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Afghan intelligence chief wounded in bombing

Publisher Radio Free Europe/Radio Liberty
Publication Date 6 December 2012
Cite as Radio Free Europe/Radio Liberty, Afghan intelligence chief wounded in bombing, 6 December 2012, available at: [accessed 29 May 2016]
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December 06, 2012

By RFE/RL's Radio Free Afghanistan

KABUL – The head of Afghanistan's intelligence service has been wounded in a bomb attack in Kabul.

A senior Afghan official told RFE/RL on December 6 that Asadullah Khalid had been targeted in a suicide bombing.

The National Directorate of Security (NDS) released a statement saying the agency's chief survived what it called a "cowardly terrorist attack."

Reports say Khalid was wounded while receiving a visitor in the afternoon at a guesthouse run by the Afghan intelligence service.

A senior Afghan official told the Associated Press that Khalid suffered injuries to the lower part of his body. The spy chief was rushed to a hospital run by the NDS.

"Our intelligence director who was injured in a cowardly terrorist attack is now undergoing surgery. The doctor treating him gave me the details. They are positive," Afghan President Hamid Karzai told journalists after visiting Khalid in the hospital.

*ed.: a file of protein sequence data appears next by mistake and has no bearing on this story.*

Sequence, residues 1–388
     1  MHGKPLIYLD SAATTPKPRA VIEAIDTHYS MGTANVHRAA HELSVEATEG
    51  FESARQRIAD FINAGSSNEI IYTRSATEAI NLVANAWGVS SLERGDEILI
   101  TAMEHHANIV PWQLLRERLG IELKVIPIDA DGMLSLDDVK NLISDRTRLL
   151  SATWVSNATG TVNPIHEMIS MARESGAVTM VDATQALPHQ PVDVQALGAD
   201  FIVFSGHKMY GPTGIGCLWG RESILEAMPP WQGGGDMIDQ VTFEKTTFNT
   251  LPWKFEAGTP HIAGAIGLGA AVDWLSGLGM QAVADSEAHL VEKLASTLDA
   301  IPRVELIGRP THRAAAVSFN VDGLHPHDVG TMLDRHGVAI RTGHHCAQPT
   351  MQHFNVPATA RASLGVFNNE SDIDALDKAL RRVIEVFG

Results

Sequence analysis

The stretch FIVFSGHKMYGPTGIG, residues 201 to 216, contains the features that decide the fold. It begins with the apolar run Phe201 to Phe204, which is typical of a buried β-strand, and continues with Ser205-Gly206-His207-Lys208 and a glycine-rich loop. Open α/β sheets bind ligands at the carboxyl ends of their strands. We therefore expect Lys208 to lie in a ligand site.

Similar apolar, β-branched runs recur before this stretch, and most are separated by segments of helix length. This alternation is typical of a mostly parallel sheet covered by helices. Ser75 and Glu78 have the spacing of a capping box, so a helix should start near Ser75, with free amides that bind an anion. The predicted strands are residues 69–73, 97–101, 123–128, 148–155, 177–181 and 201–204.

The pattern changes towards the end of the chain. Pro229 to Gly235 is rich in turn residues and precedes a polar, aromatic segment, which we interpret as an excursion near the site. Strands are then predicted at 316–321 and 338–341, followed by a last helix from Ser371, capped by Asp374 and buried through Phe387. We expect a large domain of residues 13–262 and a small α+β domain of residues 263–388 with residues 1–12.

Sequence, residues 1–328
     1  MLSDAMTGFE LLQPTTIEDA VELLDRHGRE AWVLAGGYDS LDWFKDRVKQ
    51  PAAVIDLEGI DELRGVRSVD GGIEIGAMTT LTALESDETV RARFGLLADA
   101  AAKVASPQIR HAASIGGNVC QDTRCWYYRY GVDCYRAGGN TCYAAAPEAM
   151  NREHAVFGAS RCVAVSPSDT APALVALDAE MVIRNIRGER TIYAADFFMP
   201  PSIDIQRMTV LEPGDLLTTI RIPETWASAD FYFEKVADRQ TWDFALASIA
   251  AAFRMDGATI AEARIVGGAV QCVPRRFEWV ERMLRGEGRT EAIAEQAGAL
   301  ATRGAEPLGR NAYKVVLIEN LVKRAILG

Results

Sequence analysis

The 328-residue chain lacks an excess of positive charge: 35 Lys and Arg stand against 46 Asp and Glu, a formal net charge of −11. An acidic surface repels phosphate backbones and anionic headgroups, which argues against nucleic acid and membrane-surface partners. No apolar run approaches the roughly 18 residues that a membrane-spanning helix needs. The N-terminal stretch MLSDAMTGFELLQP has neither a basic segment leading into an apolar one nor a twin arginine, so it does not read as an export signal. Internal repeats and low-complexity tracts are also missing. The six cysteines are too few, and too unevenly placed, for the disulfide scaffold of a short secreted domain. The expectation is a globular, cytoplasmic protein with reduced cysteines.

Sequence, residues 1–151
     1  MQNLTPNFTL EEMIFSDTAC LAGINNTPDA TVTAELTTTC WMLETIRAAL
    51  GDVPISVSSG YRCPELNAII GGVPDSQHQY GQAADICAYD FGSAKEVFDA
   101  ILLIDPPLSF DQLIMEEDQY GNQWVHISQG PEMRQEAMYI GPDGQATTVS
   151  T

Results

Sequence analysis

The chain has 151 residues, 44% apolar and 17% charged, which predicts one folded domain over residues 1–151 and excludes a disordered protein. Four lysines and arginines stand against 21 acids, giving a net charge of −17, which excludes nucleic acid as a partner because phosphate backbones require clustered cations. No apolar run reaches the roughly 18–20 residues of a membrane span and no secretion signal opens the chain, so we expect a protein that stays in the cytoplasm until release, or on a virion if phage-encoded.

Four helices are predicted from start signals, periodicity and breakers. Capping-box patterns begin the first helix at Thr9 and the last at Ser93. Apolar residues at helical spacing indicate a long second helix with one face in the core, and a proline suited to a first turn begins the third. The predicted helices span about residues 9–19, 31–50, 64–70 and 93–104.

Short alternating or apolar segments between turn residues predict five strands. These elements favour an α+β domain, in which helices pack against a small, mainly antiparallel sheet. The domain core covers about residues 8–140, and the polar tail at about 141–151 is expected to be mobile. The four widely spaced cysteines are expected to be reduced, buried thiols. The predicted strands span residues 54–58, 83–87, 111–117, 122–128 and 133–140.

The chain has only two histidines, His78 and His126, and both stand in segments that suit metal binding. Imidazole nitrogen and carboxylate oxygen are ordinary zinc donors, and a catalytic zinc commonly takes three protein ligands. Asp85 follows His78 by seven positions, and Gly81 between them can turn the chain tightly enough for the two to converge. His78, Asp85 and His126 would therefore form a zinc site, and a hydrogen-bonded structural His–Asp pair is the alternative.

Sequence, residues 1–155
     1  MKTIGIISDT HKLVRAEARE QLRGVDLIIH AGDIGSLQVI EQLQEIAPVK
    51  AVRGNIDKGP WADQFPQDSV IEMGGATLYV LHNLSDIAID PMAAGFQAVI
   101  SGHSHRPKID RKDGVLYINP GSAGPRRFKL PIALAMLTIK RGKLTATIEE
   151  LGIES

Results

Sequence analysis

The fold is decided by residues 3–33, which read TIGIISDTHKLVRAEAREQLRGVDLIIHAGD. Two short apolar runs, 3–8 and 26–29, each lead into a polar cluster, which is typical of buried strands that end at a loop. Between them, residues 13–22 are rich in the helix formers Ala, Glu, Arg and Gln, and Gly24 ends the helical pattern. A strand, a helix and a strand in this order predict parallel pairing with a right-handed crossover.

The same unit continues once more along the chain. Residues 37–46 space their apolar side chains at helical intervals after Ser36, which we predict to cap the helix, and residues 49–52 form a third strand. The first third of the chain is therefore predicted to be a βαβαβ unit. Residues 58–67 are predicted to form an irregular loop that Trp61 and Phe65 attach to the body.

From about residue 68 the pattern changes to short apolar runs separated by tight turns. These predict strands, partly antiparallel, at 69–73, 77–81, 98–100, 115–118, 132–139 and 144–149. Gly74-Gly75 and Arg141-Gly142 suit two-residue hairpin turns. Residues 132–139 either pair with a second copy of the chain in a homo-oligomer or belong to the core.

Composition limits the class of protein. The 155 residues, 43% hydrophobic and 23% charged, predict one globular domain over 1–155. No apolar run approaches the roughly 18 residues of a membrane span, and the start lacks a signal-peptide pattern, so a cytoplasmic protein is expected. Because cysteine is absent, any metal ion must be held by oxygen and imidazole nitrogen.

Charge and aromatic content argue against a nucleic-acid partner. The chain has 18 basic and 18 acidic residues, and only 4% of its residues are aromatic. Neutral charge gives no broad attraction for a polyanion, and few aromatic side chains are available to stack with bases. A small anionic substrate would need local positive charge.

"For now we have great hopes for his full recovery."

Journalists later received an e-mail, said to be from the Taliban, claiming responsibility for the attack.

In August, Khalid was nominated by Karzai to head the NDS. The Afghan parliament confirmed the appointment in September.

Accusations From Time As Governor

The 43-year-old spy chief is an ethnic Pashtun from the central Ghazni Province.

He is considered close to Afghan lawmaker Abdur Rab Rasul Sayyaf, a veteran of the fight against Soviet forces in the 1980s.

Khalid was the governor of Ghazni and Kandahar provinces between 2005 and 2008. He was later appointed to run the Border and Tribal Affairs Ministry – a post he held until his appointment to the NDS in August.

International human rights organizations have accused him of torture, unlawful killings, and running private prisons. They objected to his appointment as NDS chief and called for an investigation into the allegations against him.

In September, Amnesty International said that there were credible allegations that Khalid was "involved in the bombing of a vehicle that killed five UN workers in Kandahar in April 2007."

Khalid is considered a close confidant of Karzai and a staunch enemy of the Taliban. He survived a suicide bombing in Kandahar in 2007.

With reporting by AP and Reuters

Link to original story on RFE/RL website

Copyright notice: Copyright (c) 2007-2009. RFE/RL, Inc. Reprinted with the permission of Radio Free Europe/Radio Liberty, 1201 Connecticut Ave., N.W. Washington DC 20036

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